Ask A Scientist: Coyotes in the Trash Cans

Backyard Coyote asks, “Is it bad that coyotes are eating out of my trash cans?


What a great question, Backyard Coyote! Coyotes are omnivores, which means they like to eat both animals and plants. They are also what scientists call “generalists,” which means that they are NOT picky eaters! Coyotes like to eat all sorts of foods like rats, gophers, birds, and fruits, but that doesn’t mean that the food we put in our trash cans is good for them. Some coyotes like to pick out leftovers from our garbage cans because it’s less work than hunting a gopher. But while gophers have all sorts of nutrients that keep coyotes healthy, our leftovers don’t have the good stuff that keeps wild coyotes in good shape. Actually, our garbage can sometimes make wild animals sick because it has bad stuff like toxins, mold, and bacteria. Also, if coyotes learn that they can find easy treats near people’s yards and homes, they might begin to associate people with food, which makes them less afraid of us. This can sometimes lead to scary interactions between people and these usually peaceful wild animals. If you see coyotes eating your garbage, you can help them out by better securing your trash cans: keep garbage cans closed and don’t put trash out where it is easily accessible to wildlife until the night before garbage pick-up day. Though we may think that coyotes eat our trash because they are hungry, I promise you that they are INCREDIBLE hunters. Thanks so much for looking out for the coyotes!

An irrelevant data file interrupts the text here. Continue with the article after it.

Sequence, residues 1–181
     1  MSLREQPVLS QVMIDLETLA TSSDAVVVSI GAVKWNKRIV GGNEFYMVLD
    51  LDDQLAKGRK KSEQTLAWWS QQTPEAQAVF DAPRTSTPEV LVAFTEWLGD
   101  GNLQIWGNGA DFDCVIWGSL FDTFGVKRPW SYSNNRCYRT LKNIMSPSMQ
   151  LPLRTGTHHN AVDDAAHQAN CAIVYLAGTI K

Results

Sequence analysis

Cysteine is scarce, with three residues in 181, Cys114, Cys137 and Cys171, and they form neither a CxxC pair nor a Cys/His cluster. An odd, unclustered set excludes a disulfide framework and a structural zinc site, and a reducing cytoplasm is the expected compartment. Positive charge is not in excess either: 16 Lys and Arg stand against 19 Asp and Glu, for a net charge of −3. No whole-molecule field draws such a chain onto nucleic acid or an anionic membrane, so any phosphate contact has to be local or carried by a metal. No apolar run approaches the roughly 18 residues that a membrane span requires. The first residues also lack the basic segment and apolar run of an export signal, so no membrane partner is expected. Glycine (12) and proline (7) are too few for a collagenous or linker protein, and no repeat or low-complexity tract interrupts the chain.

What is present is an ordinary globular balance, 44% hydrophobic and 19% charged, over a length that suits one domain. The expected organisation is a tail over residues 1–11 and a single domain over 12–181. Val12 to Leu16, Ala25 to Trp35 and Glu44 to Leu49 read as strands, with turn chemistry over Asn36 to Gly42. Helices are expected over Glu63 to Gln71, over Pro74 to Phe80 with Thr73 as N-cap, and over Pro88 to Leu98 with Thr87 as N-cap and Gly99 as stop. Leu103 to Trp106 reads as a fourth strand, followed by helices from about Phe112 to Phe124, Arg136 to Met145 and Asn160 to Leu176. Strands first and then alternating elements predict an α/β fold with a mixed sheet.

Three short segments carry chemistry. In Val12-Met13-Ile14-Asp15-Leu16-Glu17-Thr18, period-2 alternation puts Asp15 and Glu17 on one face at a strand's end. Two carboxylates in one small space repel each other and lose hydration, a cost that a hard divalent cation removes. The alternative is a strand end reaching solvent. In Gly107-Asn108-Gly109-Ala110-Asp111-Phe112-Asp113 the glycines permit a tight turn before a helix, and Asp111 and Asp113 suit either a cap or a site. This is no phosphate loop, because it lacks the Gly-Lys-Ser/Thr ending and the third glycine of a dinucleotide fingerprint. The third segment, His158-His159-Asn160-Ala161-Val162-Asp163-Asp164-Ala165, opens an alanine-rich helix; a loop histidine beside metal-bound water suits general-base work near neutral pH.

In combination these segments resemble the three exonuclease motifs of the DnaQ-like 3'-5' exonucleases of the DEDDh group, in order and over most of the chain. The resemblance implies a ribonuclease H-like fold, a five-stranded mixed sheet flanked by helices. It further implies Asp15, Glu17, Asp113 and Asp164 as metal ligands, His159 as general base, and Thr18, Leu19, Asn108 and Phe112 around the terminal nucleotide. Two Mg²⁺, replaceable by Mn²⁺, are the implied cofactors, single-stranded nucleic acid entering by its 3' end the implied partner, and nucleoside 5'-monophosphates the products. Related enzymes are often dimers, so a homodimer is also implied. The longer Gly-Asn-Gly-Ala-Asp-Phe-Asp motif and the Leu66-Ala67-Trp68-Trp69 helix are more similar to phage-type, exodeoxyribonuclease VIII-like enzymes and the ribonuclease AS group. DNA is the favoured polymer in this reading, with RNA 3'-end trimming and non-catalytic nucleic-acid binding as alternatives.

-Tali, the coyote scientist


Tali Caspi is a PhD student in the Ecology Graduate Group at UC Davis. She is studying the behavioral ecology of urban coyotes in San Francisco.

Main image [provided by Tali Caspi]: A coyote is leaping in the air to pounce on some prey.


Want to learn more? Check out this article from the National Geographic to learn more about why you probably shouldn’t feed wildlife.

If you have any questions about animals for our scientists, you can submit them here.

Leave a Reply

Fill in your details below or click an icon to log in:

WordPress.com Logo

You are commenting using your WordPress.com account. Log Out /  Change )

Google photo

You are commenting using your Google account. Log Out /  Change )

Twitter picture

You are commenting using your Twitter account. Log Out /  Change )

Facebook photo

You are commenting using your Facebook account. Log Out /  Change )

Connecting to %s